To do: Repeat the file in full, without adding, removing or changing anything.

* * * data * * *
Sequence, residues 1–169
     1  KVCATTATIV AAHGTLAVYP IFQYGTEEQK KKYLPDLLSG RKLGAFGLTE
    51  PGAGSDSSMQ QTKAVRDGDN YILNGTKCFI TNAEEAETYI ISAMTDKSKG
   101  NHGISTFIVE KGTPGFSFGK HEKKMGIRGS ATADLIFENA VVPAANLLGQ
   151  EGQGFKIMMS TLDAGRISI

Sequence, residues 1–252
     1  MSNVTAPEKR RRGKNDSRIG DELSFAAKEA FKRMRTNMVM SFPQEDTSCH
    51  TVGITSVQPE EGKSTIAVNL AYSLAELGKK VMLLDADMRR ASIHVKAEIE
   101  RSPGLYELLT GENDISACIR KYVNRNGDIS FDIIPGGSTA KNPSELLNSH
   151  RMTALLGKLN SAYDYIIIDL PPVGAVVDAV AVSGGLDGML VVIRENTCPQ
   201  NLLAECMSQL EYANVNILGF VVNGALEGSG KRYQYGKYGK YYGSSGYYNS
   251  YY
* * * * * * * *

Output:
Sequence, residues 1–169
     1  KVCATTATIV AAHGTLAVYP IFQYGTEEQK KKYLPDLLSG RKLGAFGLTE
    51  PGAGSDSSMQ QTKAVRDGDN YILNGTKCFI TNAEEAETYI ISAMTDKSKG
   101  NHGISTFIVE KGTPGFSFGK HEKKMGIRGS ATADLIFENA VVPAANLLGQ
   151  EGQGFKIMMS TLDAGRISI

Sequence, residues 1–252
     1  MSNVTAPEKR RRGKNDSRIG DELSFAAKEA FKRMRTNMVM SFPQEDTSCH
    51  TVGITSVQPE EGKSTIAVNL AYSLAELGKK VMLLDADMRR ASIHVKAEIE
   101  RSPGLYELLT GENDISACIR KYVNRNGDIS FDIIPGGSTA KNPSELLNSH
   151  RMTALLGKLN SAYDYIIIDL PPVGAVVDAV AVSGGLDGML VVIRENTCPQ
   201  NLLAECMSQL EYANVNILGF VVNGALEGSG KRYQYGKYGK YYGSSGYYNS
   251  YY